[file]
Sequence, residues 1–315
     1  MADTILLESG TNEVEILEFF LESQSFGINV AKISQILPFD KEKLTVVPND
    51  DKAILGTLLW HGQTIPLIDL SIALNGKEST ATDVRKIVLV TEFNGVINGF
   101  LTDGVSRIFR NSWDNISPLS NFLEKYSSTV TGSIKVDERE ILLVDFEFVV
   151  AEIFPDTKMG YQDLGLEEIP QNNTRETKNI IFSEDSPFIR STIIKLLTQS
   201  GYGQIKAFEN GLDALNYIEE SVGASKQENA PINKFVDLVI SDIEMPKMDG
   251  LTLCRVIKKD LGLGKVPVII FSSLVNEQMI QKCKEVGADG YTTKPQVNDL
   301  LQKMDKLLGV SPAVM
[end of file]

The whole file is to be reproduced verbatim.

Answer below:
Sequence, residues 1–315
     1  MADTILLESG TNEVEILEFF LESQSFGINV AKISQILPFD KEKLTVVPND
    51  DKAILGTLLW HGQTIPLIDL SIALNGKEST ATDVRKIVLV TEFNGVINGF
   101  LTDGVSRIFR NSWDNISPLS NFLEKYSSTV TGSIKVDERE ILLVDFEFVV
   151  AEIFPDTKMG YQDLGLEEIP QNNTRETKNI IFSEDSPFIR STIIKLLTQS
   201  GYGQIKAFEN GLDALNYIEE SVGASKQENA PINKFVDLVI SDIEMPKMDG
   251  LTLCRVIKKD LGLGKVPVII FSSLVNEQMI QKCKEVGADG YTTKPQVNDL
   301  LQKMDKLLGV SPAVM